“The military campaign against Islamic State continues,” French army spokesman Patrik Steiger told a news conference. “At this stage, the announcement by the American president has no impact on France’s ongoing participation (in the coalition).”

Even if a European force in Syria to combat Daesh and protect the Kurds proves unrealistic, underlining the lack of an independent European military capability, European politicians were fuming at the manner of Trump’s decision-making.

Neither the Syrian withdrawal nor the prospect of cutting troop numbers in Afghanistan were preceded by any serious consultation with Trump’s European allies, many of whom either have ground troops or air forces operating in both countries.

The former UK ambassador to Lebanon Tom Fletcher said: “Storm clouds darkening”.

Guy Verhofstadt, the leader of the European Liberal group in the European parliament, said: “A victory for Russia, Iran, Turkey, Turkish proxies & the Syrian regime. Unsurprisingly, it leaves Europeans more vulnerable – and shows how wrong it is that we do not have a defence force able to help stabilise our immediate neighbourhood.”

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World Politics

United States

The secretary of defense has resigned and will step down from the role at the end of February

Jim Mattis resign letter in full. Donald Trump announced the resignation of the defense secretary on Thursday night.

Read Jim Mattis’s letter in full. Donald Trump announced the defense secretary’s resignation on Thursday night. Photograph: Jon Elswick/AP

Jim Mattis has resigned as US defense secretary, issuing a resignation letter that pulled no punches.

Mattis resigned just one day after Trump announced American troops would be brought home from Syria. Mattis was reportedly opposed to an abrupt withdrawal and urged the president on Thursday to make the move a gradual one.

In the letter, he is frank about the different approaches he and the president had on issues such as the treatment of allies and the US approach to Russia and China.

“Because you have the right to have a Secretary of Defense whose views are better aligned with yours on these and other subjects, I believe it is right for me to step down from my position,” he wrote.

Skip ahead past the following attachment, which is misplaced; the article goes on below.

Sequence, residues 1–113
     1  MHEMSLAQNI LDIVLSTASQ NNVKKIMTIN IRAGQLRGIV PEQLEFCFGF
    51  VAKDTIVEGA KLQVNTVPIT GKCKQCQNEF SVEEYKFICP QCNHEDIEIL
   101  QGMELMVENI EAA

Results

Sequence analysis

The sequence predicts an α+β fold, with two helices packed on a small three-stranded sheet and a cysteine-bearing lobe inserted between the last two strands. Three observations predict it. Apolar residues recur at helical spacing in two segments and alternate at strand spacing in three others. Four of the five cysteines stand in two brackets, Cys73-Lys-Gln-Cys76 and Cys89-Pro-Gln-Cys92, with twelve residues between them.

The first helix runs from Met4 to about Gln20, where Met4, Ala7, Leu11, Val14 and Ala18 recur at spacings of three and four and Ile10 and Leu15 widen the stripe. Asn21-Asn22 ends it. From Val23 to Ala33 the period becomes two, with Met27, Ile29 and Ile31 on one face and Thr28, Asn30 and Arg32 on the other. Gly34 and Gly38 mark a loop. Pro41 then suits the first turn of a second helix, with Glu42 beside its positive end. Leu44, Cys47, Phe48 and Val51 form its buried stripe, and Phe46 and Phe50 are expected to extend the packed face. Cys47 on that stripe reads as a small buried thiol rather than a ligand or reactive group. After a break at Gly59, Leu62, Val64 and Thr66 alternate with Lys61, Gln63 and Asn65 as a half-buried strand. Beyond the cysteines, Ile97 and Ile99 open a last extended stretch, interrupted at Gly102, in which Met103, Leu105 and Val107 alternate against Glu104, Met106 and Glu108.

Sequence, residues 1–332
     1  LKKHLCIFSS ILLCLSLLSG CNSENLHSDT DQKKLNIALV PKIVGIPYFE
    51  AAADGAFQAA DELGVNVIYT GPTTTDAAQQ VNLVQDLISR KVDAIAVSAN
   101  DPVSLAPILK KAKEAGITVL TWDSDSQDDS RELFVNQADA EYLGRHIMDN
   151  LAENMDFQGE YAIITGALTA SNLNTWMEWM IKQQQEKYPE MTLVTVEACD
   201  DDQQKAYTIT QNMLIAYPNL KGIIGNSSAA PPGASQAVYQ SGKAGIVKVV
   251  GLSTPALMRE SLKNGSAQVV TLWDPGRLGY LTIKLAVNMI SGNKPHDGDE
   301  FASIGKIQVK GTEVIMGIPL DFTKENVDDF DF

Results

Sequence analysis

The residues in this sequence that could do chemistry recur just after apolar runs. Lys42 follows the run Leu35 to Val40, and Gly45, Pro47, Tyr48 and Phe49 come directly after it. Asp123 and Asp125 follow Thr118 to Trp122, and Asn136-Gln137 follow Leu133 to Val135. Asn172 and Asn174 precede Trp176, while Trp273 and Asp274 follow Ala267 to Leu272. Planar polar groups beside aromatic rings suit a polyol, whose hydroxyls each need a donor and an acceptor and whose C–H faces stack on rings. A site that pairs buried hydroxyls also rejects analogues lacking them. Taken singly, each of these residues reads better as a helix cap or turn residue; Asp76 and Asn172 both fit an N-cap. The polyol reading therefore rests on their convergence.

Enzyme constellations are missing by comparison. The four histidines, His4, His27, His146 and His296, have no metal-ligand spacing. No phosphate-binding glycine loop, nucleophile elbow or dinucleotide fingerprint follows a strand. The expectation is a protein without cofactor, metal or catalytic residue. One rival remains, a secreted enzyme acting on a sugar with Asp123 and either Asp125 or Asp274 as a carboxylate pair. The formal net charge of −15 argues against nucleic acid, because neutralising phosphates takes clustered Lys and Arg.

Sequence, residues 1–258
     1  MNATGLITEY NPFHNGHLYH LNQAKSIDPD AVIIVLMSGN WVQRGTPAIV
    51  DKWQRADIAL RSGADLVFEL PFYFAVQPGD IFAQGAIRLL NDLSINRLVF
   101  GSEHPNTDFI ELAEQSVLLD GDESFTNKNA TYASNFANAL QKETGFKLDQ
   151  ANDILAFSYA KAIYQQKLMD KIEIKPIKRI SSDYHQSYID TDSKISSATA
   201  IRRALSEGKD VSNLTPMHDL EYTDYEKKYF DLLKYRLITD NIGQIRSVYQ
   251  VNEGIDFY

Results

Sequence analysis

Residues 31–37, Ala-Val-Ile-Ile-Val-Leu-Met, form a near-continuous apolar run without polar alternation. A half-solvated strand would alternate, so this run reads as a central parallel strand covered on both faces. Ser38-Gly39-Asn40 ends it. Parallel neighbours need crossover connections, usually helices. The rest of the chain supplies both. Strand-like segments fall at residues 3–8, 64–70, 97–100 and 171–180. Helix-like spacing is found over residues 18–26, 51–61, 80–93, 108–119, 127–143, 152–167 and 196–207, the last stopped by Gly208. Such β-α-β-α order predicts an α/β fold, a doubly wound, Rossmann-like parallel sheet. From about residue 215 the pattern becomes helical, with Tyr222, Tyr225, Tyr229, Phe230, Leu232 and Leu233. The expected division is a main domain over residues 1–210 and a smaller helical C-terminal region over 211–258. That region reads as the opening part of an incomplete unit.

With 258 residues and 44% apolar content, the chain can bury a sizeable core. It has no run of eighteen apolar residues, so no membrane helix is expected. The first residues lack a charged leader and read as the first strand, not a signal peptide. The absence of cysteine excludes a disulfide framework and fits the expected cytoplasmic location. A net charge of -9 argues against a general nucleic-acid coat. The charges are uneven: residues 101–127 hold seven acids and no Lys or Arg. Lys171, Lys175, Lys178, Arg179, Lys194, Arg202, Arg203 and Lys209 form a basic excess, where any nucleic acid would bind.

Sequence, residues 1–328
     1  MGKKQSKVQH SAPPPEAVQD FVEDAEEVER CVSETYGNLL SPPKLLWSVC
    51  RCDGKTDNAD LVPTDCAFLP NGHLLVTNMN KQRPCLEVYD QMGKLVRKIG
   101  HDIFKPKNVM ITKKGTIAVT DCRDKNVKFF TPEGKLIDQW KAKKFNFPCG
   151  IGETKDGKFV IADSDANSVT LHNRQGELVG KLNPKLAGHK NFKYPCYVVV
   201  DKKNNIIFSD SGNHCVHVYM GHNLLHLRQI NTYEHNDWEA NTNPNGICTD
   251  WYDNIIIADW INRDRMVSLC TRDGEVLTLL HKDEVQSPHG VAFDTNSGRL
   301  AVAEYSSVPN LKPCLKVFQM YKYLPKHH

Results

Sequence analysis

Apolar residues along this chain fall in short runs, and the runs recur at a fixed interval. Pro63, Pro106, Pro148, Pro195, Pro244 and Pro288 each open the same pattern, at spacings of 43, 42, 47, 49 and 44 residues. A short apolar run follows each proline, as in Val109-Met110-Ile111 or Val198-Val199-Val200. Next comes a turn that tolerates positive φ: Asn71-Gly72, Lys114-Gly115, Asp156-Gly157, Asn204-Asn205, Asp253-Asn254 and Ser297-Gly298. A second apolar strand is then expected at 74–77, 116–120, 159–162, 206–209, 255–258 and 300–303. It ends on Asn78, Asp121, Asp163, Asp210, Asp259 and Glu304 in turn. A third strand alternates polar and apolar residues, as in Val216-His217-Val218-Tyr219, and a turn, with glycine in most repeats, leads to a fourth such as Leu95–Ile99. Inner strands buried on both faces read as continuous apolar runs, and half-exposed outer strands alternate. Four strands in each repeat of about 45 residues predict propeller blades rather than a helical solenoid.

Mattis said he would stay on until 28 February and would work to ensure a smooth handover to his successor. The full text of the letter is here:

Dear Mr President:

I have been privileged to serve as our country’s 26th Secretary of Defense which has allowed me to serve alongside our men and women of the Department in defense of our citizens and our ideals.

I am proud of the progress that has been made over the past two years on some of the key goals articulated in our National Defense Strategy: putting the Department on a more sound budgetary footing, improving readiness and lethality in our forces, and reforming the Department’s business practices for greater performance. Our troops continue to provide the capabilities needed to prevail in conflict and sustain strong US global influence.

One core belief I have always held is that our strength as a nation is inextricably linked to the strength of our unique and comprehensive system of alliances and partnerships. While the US remains the indispensable nation in the free world, we cannot protect our interests or serve that role effectively without maintaining strong alliances and showing respect to those allies. Like you, I have said from the beginning that the armed forces of the United States should not be the policeman of the world. Instead, we must use all tools of American power to provide for the common defense, including providing effective leadership to our alliances. 29 democracies demonstrated that strength in their commitment to fighting alongside us following the 9-11 attack on America. The Defeat-ISIS coalition of 74 nations is further proof.

Similarly, I believe we must be resolute and unambiguous in our approach to those countries whose strategic interests are increasingly in tension with ours. It is clear that China and Russia, for example, want to shape a world consistent with their authoritarian model gaining veto authority over other nations’ economic, diplomatic, and security decisions to promote their own interests at the expense of their neighbors, America and our allies. That is why we must use all the tools of American power to provide for the common defense.

My views on treating allies with respect and also being clear-eyed about both malign actors and strategic competitors are strongly held and informed by over four decades of immersion in these issues. We must do everything possible to advance an international order that is most conducive to our security, prosperity and values, and we are strengthened in this effort by the solidarity of our alliances.

Because you have the right to have a Secretary of Defense whose views are better aligned with yours on these and other subjects, I believe it is right for me to step down from my position. The end date for my tenure is February 28, 2019, a date that should allow sufficient time for a successor to be nominated and confirmed as well as to make sure the Department’s interests are properly articulated and protected at upcoming events to include Congressional posture hearings and the NATO Defense Ministerial meeting in February. Further, that a full transition to a new Secretary of Defense occurs well in advance of the transition of Chairman of the Joint Chiefs of Staff in September in order to ensure stability within the Department.

I pledge my full effort to a smooth transition that ensures the needs and interests of the 2.15 million Service Members and 732,079 civilians receive undistracted attention of the Department at all times so that they can fulfill their critical, round-the-clock mission to protect the American people.

I very much appreciate this opportunity to serve the nation and our men and women in uniform.

Jim N Mattis